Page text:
Can Solar Save Us?

Probably. Eventually. With lots of government help.

This story appears in the September 2009 issue of National Geographic magazine.

The sun is a utopian fuel: limitless, ubiquitous, and clean. Surely someday we'll give up on coal, oil, and gas—so hard on the climate, so unequally distributed worldwide—and go straight to the energy source that made fossil fuels. In a few sunny places where electric rates are high, like Italy and Hawaii, solar energy is already on the verge of being competitive. But in most places the sun remains by far the most expensive source of electric power—typically in the U.S. it costs several times more than natural gas or coal—which is why it still supplies only a fraction of a percent of our needs.

That won't change fast unless governments give solar a big boost. President Barack Obama campaigned with a pledge to institute a federal "renewable portfolio standard" requiring utilities to generate a quarter of their electricity from renewables by 2025. Yet even if Congress enacted that ambitious law, coal would still dominate the nation's electricity portfolio two decades from now, and solar energy would probably remain a minor contributor. Cap-and-trade legislation that sets a price on carbon emissions would not be a magic bullet for solar either. Both mandates would likely lead utilities to favor the cheapest renewables, like wind. Solar would make a sizable contribution only after 2025, once the expansion of wind energy had plateaued.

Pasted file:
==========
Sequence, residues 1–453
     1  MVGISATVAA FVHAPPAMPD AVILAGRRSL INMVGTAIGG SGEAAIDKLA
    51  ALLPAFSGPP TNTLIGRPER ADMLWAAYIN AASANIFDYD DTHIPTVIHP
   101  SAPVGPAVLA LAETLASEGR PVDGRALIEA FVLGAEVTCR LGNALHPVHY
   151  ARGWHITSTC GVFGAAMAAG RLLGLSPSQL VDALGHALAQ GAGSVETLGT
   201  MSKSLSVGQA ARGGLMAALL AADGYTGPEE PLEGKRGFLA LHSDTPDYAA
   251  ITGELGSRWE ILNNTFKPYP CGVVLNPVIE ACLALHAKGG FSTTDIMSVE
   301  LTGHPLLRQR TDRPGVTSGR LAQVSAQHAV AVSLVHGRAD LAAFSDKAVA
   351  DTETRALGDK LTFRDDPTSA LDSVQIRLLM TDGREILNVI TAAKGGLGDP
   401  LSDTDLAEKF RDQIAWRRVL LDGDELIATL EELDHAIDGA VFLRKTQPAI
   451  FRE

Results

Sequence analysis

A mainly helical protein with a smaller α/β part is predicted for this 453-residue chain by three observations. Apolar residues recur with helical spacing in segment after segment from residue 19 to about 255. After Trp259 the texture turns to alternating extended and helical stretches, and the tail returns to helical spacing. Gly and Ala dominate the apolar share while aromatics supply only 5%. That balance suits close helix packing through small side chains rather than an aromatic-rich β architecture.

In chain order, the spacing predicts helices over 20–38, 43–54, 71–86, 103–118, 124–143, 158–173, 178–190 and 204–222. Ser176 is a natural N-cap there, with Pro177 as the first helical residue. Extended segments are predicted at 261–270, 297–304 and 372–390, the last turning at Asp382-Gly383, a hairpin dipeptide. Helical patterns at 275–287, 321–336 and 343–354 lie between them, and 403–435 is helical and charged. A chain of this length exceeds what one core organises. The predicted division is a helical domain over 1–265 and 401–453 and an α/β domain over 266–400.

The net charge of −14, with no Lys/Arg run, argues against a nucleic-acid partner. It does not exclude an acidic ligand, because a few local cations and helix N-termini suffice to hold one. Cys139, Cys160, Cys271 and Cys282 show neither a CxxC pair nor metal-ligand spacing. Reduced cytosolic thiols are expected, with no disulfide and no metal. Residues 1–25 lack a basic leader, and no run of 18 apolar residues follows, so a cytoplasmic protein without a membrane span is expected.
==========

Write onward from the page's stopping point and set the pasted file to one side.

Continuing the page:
Some advocates say we need to encourage solar more directly. European nations have done so with "feed-in tariffs," laws that require electric utilities to pay premiums to solar-power producers, be they commercial power plants or private homes that pump energy to the grid. Such tariffs have made Germany and Spain solar leaders, creating a market that has helped drive down prices. The billions of dollars of tax credits and loan guarantees in the Obama stimulus package may have a similar effect.

Another option is for the federal government to invest directly in solar—for example, says Ken Zweibel of George Washington University, by funding the construction of giant solar plants in the desert Southwest, along with the high-efficiency transmission lines needed to carry the power nationwide. In Zweibel's version of the future, the sun would satisfy more than two-thirds of U.S. electricity needs by 2050, for an investment of about $400 billion. "Compared to what we just paid for the financial bailout, it's pocket change," he says.